More than mountains are busy planning winter courses for 2012. Look out for courses in winter skills, winter mountaineering and winter snow and ice climbing in Scotland and the Lake District coming soon. To help you get the most out of your winter mountaineering the following advice should help you look after your feet in the snow.
Choosing the right boots and crampons for winter mountaineering.
It is all too easy to be tempted into buying the latest shiny climbing gear on a rainy day but it is important to make sure you are getting the right tools for the job. To help winter mountaineers make the correct choice about their boot and crampon combinations mountain guide Brian Hall designed a system of different categories that makes it clear to see which boots will work with which crampons.
A B1 boot is a four season walking boot that is very durable and has a semi-stiffened sole to cope with walking over rough ground. It is suitable for year round use in the mountains. Attached to the boot in the photo is a ten-point C1 crampon. It is a flexible crampon that can be fitted to most boots.
A B2 boot is almost fully stiffened and has been designed to easily cope with walking, scrambling and climbing. They can be used year round but may feel a little warm in summer. A twelve point C2 crampon offers more security on steeper snow and ice slopes and often comes with a heel clip to make fitting them to the boot a little quicker.
A B3 boot has a fully stiffened sole and has been designed for steep, technical climbing. They used to exclusively be double boots with a plastic outer but modern technology has allowed lighter models using different materials to come onto the market. A fourteen point C3 crampon with vertical front points is designed for climbing vertical or even overhanging ice!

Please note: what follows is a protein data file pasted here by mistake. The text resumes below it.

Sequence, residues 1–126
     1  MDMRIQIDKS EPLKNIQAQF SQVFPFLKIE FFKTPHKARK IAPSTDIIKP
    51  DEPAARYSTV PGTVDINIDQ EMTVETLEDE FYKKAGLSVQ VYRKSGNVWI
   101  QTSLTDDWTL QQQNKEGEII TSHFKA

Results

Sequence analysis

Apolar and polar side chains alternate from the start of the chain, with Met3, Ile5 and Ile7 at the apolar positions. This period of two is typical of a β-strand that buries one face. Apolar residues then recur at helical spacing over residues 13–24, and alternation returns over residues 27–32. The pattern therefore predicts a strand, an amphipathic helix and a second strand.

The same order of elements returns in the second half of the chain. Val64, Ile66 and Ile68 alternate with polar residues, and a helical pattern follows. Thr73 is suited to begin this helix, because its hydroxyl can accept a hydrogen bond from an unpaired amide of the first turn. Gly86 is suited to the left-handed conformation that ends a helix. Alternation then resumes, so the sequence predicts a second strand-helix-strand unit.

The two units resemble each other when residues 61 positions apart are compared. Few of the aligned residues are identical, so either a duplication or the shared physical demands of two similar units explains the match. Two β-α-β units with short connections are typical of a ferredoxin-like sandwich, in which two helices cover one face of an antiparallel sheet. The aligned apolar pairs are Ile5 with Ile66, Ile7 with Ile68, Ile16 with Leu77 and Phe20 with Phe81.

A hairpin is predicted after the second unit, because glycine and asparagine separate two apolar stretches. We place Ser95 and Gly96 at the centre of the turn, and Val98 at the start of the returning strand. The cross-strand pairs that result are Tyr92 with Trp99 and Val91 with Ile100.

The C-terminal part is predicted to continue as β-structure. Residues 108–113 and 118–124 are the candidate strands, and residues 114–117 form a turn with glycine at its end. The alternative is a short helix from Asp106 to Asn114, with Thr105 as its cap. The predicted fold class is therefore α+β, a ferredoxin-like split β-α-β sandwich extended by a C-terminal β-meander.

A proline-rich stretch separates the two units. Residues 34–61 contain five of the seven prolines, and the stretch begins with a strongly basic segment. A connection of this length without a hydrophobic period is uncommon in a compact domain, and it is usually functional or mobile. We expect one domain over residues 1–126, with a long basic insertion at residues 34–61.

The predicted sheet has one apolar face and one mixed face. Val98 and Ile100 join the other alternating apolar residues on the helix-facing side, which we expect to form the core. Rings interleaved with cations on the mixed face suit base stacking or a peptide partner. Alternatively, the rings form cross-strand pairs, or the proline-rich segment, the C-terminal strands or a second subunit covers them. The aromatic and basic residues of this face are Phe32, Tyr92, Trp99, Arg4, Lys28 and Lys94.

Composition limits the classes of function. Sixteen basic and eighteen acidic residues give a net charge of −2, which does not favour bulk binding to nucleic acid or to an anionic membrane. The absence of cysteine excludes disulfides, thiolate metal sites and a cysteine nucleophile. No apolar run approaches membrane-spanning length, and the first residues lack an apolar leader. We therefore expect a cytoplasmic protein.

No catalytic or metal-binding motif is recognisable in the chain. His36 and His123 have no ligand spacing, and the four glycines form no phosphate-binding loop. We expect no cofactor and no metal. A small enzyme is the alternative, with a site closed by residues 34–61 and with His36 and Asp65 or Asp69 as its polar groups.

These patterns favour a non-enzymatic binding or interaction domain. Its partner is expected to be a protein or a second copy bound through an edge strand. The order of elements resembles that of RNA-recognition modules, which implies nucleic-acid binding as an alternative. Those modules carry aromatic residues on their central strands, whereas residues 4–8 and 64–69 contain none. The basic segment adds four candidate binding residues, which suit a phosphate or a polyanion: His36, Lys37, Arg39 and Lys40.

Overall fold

It is possible to go for a walk in a B3/C3 combination but you may find it uncomfortable. In the same way, starting up a grade V ice fall in bendy B1 boots may feel slightly unnerving.
Make sure your crampons are fitted with anti-balling plates to prevent a build up of snow underneath your boots. A quick tap with your ice axe will knock off any snow that does start to stick.
It is worth carrying a small repair kit with your crampons on the hill. This may consist of a small multi tool with pliers and a screwdriver and a spare strap and nuts and bolts. I find a few cable ties can be incredibly useful for holding everything in place in an emergency.
Have your crampons ready to put on before you need them. It is much easy to fit them somewhere relatively flat rather than trying to balance on one leg in the middle of a steep slope. Adopt the ‘John Wayne’ position when walking with crampons on, remember you have just strapped 24 more ways to hurt yourself to the bottom of your feet!